Get an estimate for an attic conversion in South Wingfield?
RV Construction are Derby loft conversion experts, serving lots of areas throughout the East Midlands. For a loft space conversion in South Wingfield you’ve arrived at the right page.
All the builders working for the company are all time-served expert craftsmen that carry out the job to an extremely high degree of finish – every homeowner is left totally satisfied.
We can carry out nearly any house enhancement scheme. Our core skill is joinery. This allows us to be professionals in the field of loft conversions. Nevertheless, we are equally skilled at kitchen renovation, house extensions, conservatories, roof work and staircase construction.
Our highly-skilled loft conversion team can transform your house; using the current methods and materials, into the house of your dreams!
We have no sales facilities, no non-productive staff- so overheads are very low, which means that all you pay for is the work carried out on your house and absolutely nothing else.
RV Construction provide the total service from planning to completion. Call us or message us for advice or a totally free site survey.
The expense of an attic conversion will depend upon a lot of choices that you make. It is a big job, so the expense bands are quite wide. The primary aspect that will affect the total price is the kind of loft conversion you decide to get.
The average costs for Velux loft conversions are 15,000-20,000 pounds. For a conversion with a dormer, the price upper and lower range is generally 30,000-60,000 pounds. A hip-to-gable conversion will alter the shape of your roof and will generally cost 40,000-65,000 pounds. The most costly option is a Mansard loft conversion. This will alter the entire shape of your roof and will generally cost 45,000-70,000 pounds.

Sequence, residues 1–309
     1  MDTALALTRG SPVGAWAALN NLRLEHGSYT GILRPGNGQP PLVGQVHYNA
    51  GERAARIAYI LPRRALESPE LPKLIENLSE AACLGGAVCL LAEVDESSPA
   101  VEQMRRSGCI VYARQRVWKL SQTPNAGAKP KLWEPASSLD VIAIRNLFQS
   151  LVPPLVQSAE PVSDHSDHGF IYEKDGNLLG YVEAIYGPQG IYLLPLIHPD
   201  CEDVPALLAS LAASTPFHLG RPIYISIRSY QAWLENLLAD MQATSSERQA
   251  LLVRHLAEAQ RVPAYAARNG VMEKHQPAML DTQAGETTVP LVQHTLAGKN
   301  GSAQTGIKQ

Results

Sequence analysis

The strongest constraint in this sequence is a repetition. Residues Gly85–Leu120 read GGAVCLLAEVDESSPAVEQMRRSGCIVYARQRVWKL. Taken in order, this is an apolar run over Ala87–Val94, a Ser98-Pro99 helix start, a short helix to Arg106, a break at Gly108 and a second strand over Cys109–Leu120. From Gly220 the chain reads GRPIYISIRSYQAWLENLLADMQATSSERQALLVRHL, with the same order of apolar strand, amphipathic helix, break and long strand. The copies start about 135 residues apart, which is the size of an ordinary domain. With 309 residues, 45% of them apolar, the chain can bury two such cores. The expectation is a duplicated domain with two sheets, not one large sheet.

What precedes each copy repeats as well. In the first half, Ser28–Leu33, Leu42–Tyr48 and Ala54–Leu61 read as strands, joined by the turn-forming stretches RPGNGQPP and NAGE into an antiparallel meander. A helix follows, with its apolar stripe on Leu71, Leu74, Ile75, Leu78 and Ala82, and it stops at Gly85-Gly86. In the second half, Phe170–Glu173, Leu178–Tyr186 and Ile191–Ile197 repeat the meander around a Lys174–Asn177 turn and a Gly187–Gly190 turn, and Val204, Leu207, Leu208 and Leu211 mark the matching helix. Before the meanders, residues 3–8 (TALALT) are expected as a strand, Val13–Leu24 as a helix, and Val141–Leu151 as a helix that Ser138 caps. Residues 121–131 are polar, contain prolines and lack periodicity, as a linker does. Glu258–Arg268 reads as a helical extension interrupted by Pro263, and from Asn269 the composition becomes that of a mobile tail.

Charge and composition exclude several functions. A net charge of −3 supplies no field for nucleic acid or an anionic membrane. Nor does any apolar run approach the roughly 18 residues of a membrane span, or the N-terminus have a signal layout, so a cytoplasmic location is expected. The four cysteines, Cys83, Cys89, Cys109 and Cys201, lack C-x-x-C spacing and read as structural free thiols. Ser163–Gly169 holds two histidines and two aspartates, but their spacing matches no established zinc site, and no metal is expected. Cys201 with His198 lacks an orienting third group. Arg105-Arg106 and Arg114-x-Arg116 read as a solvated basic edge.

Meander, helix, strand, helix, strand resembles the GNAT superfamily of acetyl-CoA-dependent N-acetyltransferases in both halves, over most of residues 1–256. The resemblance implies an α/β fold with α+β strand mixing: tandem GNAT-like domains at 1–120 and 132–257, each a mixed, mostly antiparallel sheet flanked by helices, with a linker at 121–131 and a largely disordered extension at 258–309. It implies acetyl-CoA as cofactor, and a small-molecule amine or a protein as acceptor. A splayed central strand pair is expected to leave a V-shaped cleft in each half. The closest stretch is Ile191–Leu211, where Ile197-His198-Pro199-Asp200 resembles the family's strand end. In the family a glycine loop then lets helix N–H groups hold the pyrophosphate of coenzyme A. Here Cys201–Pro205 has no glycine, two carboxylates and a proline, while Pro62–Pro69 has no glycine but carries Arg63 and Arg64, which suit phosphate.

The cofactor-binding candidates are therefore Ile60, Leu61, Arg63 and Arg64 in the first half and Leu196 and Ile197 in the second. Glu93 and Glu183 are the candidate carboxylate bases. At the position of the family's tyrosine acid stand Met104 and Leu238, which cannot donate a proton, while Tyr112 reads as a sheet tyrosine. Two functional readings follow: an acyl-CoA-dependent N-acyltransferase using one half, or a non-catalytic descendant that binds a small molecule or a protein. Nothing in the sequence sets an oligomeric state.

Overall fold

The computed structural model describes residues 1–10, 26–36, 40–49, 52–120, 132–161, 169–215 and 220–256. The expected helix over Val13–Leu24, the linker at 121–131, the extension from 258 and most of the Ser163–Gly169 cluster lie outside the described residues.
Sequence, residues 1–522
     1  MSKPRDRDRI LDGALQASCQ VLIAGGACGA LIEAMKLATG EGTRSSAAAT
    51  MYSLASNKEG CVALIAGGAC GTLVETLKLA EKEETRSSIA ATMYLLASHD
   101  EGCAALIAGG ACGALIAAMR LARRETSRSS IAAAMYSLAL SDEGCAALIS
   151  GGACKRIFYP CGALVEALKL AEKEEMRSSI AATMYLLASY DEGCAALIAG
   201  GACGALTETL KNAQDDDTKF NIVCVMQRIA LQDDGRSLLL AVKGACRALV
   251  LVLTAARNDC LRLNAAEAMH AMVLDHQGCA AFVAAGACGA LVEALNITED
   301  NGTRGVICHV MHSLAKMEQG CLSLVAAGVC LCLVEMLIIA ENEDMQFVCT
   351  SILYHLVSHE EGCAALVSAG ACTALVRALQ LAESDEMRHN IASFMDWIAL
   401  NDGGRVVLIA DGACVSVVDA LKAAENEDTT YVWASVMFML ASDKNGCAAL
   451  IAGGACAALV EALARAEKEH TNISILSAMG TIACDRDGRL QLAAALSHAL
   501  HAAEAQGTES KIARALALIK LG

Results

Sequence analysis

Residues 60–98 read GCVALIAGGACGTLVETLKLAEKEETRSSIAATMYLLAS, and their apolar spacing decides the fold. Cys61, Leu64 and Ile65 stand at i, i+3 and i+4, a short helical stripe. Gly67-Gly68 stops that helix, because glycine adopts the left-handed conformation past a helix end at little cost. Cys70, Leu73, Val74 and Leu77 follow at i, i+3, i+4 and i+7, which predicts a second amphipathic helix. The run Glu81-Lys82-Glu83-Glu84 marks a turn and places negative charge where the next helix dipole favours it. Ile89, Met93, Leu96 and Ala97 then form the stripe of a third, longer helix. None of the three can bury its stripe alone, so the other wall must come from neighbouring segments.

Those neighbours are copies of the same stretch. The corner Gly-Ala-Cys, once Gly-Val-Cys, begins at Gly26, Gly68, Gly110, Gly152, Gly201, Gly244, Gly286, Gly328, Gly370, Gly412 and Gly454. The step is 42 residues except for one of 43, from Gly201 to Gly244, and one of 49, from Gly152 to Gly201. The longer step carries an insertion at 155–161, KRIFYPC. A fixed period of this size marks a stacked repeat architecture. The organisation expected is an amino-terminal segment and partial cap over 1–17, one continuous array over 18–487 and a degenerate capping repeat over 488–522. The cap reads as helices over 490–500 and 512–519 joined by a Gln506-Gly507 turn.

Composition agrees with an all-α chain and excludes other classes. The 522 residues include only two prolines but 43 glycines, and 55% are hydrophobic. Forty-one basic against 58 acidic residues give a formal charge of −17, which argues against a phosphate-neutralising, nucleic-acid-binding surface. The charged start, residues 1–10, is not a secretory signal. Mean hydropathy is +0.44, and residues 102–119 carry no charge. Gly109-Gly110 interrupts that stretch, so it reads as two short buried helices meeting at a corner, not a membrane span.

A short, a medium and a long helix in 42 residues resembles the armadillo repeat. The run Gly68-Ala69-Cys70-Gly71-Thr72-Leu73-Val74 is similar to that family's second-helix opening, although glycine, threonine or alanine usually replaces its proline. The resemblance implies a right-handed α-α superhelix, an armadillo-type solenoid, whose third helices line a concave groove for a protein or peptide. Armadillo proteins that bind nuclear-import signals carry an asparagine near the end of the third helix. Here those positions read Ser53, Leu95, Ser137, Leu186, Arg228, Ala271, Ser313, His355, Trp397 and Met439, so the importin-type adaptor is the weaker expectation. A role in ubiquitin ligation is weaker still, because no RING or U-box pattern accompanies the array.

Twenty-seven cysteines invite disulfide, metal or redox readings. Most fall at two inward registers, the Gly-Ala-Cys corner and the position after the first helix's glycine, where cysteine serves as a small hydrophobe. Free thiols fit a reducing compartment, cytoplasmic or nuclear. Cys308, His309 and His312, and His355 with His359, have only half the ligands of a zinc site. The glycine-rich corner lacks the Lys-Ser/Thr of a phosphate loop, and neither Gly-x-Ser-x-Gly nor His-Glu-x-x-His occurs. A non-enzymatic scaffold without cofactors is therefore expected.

A three bed semi with Dorma which would include stairs, fire doors, all electrics, plumbing – generally the whole thing – would around cost ₤17,500 with the VAT. There is a deluxe bundle offered that includes, decorating, carpets, lights and sockets for an extra expense figured out by spec of the homeowner.
When you are looking at these price totals, bear in mind that the bigger the size and the better the finish, the higher up the expense bracket your conversion will be. There are a lot of decisions you can make to balance your result with the expense. The most important thing to do is set a budget and then devise a sensible strategy.
According to research performed by Nationwide, a loft conversion which includes a double bed room and en-suite bathroom might add as much as 22 percent to the value of a three-bedroom, one-bathroom house. However, do not presume that value contributed to your house will always go beyond the cost of your conversion.
You will need to do some comprehensive research on other neighbouring properties before anything else. Take a look at the ceiling cost of similar-sized homes in the street. Compare this with the existing value of your home, amount quoted for the work and additional square footage. Are you likely to recoup your expenses and increase the value of your house?
If the answer is yes, then an attic conversion could really be the right choice!
It’s a problem many property owners face eventually. A house that once provided ample space for your growing family all of a sudden appears frustratingly modest. Naturally, you ask yourself whether the time is right to sell up and move somewhere bigger.
However desperate you are for additional living space, weighing up the expenses of a home relocation can be off-putting. Stamp duty, legal charges, surveys and more might amount to a few thousand pounds, and it’s money you won’t get back. There are other factors to consider too, not least your emotional attachment to your house and the possibility of children changing schools.
So what is the very best method to extend your home – on a budget – without the turmoil of moving, and increase your house’s value? A house extension is the common answer. This offers flexibility of design, allowing you to add the wanted quantity of additional area to your home. But for home owners a house extension won’t be practical for reasons of time and cost.